By David Hunter
The peloton continues their stay in the north of Spain with the 43rd Vuelta a Burgos. This is a race that usually had a weak start list, but after enjoying themselves last year the big world tour teams have decided to come back. The race will be used as vital preparation for those about to do the Vuelta, it gives crucial racing in the legs for many who haven’t done much since the Giro. The route is like previous years, but with a little twist.
The traditional start of the race with the finish up at Burgos Castle. We have a lap circuit which features some wide-open roads, it doesn’t take much wind to cause echelons in this part of the world. The winner of the stage needs a fast kick, it could be a sprinter or a puncheur.
The first of two sprint finishes, but we don’t have many fast men at the race. This is a great opportunity for riders like Jordi Meeus, Alberto Dainese and Marc Sarreau to net an important win.
Get ready for a plot twist! We have the climb of Picon Blanco, but the riders now must descend to the finishing line. Maybe the organisers decided to change things up a little as we finish at the top of the climb in stage 3 of the Vuelta. The 17km descent will give some a chance to re-join the front group if they’ve been dropped on the climb.
Should be another sprint but the roads are very exposed, and teams will be nervous about possible echelons.
The traditional final stage to Lagunas de Neila. The Vuelta starts just one week after this stage, a great chance for some to land a psychological blow.
Ineos – they arrive with a ridiculously strong squad for a race of this standard. Bernal and Adam Yates will be co-leaders, with Martínez, Sivakov and Narváez as support. Bernal looked good in San Sebastian, his first race back after the Giro. Yates wasn’t quite as good on Saturday, but that was probably due to his exploits in Japan. Ineos have dominated stage racing this season, I’d be amazed if they didn’t win this one too.
Aleksandr Vlasov – the Russian has enjoyed a consistent season, 4th at the Giro was a significant result for him. He wasn’t at his best in Tokyo, but he’ll be much better in this race. He normally copes well with steep gradients, both mountain stages suit him well. Astana have been good in recent races, they’ll be hoping Vlasov can finish on the overall podium.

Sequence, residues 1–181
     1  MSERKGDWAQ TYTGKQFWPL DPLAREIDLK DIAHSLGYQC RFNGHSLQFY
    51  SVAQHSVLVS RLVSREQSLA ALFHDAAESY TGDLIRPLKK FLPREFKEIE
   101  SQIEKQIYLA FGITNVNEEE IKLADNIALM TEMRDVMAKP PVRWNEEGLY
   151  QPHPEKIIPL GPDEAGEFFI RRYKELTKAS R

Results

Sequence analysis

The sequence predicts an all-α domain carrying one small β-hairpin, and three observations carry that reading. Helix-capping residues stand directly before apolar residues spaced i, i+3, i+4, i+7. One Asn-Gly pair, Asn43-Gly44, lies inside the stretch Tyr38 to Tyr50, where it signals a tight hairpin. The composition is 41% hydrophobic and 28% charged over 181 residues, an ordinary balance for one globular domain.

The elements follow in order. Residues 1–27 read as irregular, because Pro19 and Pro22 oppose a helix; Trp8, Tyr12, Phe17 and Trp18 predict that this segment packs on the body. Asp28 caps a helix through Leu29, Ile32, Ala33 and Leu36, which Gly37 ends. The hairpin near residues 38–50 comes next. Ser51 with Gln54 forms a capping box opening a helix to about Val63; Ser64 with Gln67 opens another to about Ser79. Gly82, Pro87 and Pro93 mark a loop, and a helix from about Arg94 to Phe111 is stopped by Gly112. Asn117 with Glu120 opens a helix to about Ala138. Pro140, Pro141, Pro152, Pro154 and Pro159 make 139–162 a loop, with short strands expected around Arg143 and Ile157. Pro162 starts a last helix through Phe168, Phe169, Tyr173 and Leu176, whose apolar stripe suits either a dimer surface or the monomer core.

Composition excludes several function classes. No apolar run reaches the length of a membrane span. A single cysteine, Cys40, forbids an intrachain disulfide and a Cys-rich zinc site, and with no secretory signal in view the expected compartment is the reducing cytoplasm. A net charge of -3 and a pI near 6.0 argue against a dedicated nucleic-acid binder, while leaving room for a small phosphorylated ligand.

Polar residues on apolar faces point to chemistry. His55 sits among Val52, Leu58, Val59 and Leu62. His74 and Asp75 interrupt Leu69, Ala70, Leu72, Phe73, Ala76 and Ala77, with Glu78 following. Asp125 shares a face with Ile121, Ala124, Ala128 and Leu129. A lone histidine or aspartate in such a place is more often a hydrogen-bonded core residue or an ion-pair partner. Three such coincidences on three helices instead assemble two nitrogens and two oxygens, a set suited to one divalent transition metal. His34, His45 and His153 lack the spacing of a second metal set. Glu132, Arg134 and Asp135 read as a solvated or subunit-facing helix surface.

Bahrain – they arrive with an strong team for a race of this standard, but we’ll have to see how they ride in the big stages. With Landa, Caruso and Padun they have three riders who could finish in the top 10. Landa is lacking racing, it’s unlikely he’ll have the form to win the title. Caruso’s second place at the Giro was an exceptional result, he’ll be confident of riding well here. Then we have Padun, the mythical climber. With such a strong team, Bahrain really should be challenging for the win.
Hugh Carthy – this is his first race since the Giro, which means he’ll be lacking a little compared to some of his rivals. 8th in Italy was a good result but riding in Spain seems to suit him better. This is an important part of his Vuelta preparations, a good result would set him up nicely for another crack at the red jersey.
Simon Yates – the signs are there for all to see, Yates needs a break, I’m surprised to see him at this race. He’s done the Giro, 2 weeks of the Tour, crashed hard, flew to Tokyo, rode the road race, flew back and then raced San Sebastian. The team seems to be squeezing the lemon, but it’s all dry.
Ineos have been dominant in stage races this year and I expect this to continue. The win will go to Egan Bernal.
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